HomeNewsStill Haunted by Wife's Last Words, Murang'a Man Seeks to Raise Infant...

Still Haunted by Wife’s Last Words, Murang’a Man Seeks to Raise Infant Daughter Under Difficult Conditions

Isaac Ndung’u lost his wife Carolyne Wanjiku while giving birth at Maragua Level Four Hospital. His wife died on March 16, and he recalls the last words she said to him before leaving for the ward. When he met his wife again, she was a “motionless cold body at the mortuary”.

“Babe, just briefly, and I will come back with our baby girl. Keep safe and be there to receive me,” he recalls the last words that were accompanied by a hug and a peck as she left for the ward.

According to the Sunday Nation, their baby girl survived the delivery, but the death of his wife raised questions that the hospital is yet to fully address. Mr Ndung’u, a 26-year-old laborer, says it will take years to recover from the shock. He is now left with an infant to bring up and a wife to bury. His daily budget for the baby is about Sh80, but he only makes Sh300 on a “good” week. The total budget for his family is about Sh120 per day.

Before her death, Wanjiku used to prepare chapati for sale and would earn Sh100 daily. Mr Ndung’u says it will be difficult to get into a relationship with another woman. To him, Wanjiku remains his soul mate even in death.

He has 1,000 unanswered questions on his wife’s death, but he leaves everything to God since he cannot afford a post-mortem. The hospital advised them to forgo the post-mortem because it was expensive.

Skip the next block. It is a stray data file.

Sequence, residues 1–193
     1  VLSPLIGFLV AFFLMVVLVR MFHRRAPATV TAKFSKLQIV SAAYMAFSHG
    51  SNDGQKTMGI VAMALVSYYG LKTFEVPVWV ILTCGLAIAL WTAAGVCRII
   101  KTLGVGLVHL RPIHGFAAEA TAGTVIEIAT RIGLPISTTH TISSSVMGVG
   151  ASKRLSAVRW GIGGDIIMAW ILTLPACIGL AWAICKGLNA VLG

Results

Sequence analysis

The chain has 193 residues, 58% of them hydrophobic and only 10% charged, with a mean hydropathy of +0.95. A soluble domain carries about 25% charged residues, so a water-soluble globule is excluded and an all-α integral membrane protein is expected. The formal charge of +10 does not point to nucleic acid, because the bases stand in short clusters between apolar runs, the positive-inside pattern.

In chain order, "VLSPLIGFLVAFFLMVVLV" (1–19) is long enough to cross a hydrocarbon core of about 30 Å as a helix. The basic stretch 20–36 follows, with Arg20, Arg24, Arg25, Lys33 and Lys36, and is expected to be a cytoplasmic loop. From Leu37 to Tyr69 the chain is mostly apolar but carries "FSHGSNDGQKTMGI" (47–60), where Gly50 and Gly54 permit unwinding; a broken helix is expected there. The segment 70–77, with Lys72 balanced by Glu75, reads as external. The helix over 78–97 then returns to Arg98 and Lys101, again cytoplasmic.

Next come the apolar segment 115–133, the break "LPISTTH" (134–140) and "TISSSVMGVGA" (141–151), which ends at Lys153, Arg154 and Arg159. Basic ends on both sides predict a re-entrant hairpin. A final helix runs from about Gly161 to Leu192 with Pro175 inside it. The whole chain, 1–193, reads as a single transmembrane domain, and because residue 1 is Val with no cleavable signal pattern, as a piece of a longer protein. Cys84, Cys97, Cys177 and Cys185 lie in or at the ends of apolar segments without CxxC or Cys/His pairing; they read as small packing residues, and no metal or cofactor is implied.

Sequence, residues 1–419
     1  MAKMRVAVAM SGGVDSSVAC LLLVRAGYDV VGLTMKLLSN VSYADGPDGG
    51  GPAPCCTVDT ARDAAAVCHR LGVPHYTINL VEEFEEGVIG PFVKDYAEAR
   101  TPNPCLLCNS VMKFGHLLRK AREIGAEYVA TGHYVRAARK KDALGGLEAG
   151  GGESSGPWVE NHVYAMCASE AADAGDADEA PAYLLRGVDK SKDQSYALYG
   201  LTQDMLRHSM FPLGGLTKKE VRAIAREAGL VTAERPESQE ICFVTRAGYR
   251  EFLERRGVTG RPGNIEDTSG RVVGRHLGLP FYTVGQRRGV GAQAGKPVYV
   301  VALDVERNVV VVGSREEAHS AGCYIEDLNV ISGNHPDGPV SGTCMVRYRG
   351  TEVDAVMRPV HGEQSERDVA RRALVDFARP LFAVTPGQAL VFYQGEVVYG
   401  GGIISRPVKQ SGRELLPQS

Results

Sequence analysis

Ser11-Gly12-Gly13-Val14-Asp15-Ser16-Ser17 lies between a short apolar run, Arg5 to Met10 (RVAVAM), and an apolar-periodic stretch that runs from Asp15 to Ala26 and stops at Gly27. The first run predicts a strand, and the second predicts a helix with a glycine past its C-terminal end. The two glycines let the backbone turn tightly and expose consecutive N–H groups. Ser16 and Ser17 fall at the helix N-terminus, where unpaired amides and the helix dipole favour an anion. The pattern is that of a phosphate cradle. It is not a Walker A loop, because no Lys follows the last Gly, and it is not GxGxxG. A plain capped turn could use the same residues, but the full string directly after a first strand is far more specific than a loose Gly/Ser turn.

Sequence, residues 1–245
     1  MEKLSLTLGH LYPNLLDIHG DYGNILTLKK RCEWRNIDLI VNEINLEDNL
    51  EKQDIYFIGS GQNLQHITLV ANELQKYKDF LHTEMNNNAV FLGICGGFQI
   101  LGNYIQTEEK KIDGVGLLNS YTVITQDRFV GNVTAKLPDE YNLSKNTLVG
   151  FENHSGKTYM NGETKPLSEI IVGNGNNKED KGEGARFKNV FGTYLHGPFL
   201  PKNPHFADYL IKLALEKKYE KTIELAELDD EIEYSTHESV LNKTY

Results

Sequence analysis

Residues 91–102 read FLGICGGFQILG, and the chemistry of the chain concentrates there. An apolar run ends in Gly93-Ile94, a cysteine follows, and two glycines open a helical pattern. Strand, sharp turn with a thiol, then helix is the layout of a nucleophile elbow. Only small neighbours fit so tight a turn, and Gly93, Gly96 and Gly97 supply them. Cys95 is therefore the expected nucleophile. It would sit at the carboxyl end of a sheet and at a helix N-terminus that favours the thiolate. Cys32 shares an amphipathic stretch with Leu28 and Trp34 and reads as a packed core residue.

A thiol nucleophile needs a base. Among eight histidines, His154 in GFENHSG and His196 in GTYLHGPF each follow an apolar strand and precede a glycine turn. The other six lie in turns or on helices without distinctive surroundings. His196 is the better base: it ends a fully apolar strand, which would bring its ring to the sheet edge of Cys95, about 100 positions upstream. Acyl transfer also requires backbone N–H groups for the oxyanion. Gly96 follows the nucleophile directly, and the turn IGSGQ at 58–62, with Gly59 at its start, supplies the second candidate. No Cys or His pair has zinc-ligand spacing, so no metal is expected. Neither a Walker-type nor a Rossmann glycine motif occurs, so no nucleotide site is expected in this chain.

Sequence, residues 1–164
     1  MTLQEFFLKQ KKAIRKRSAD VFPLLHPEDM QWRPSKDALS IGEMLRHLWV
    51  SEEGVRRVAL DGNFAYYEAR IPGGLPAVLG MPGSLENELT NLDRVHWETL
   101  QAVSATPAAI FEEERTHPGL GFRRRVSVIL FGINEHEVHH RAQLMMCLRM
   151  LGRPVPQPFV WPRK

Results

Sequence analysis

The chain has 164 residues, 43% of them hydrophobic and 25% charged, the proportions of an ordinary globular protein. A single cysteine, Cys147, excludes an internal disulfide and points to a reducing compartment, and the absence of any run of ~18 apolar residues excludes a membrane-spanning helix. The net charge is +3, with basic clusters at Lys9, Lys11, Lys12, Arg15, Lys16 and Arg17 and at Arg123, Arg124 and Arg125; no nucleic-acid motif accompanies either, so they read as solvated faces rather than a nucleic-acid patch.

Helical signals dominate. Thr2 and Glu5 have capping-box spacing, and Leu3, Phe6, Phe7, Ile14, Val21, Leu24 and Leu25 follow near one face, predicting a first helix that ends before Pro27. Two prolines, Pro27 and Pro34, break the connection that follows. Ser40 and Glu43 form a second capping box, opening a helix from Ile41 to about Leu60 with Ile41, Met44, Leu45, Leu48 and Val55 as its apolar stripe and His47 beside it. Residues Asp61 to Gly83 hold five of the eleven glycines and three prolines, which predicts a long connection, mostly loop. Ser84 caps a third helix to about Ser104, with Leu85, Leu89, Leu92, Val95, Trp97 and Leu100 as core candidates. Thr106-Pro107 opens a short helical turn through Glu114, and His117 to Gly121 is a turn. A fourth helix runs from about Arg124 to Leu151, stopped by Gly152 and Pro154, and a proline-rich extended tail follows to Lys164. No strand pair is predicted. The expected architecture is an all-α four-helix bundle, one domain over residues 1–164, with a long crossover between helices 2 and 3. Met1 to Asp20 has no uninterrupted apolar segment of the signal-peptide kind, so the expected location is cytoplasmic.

After Wanjiku’s death, the hospital volunteered to nurse the infant for six months, but Mr Ndung’u’s relatives could hear none of that. They demanded that the baby be handed over to her father.

Maragua Assistant County Commissioner Joshua Okello formed an arbitration team to ensure the baby’s interests were taken care of. The committee had representatives from Wanjiku’s family, the widower side, the hospital, and government officials.

Mr Ndung’u appointed his sister to be trained on nursing basics. The hospital is compassionate as it continues to play a critical role in nursing the infant. Maragua Level Four Medical Superintendent, Kairo Kimende, says the death was regrettable and that a report would be made to the family soon.

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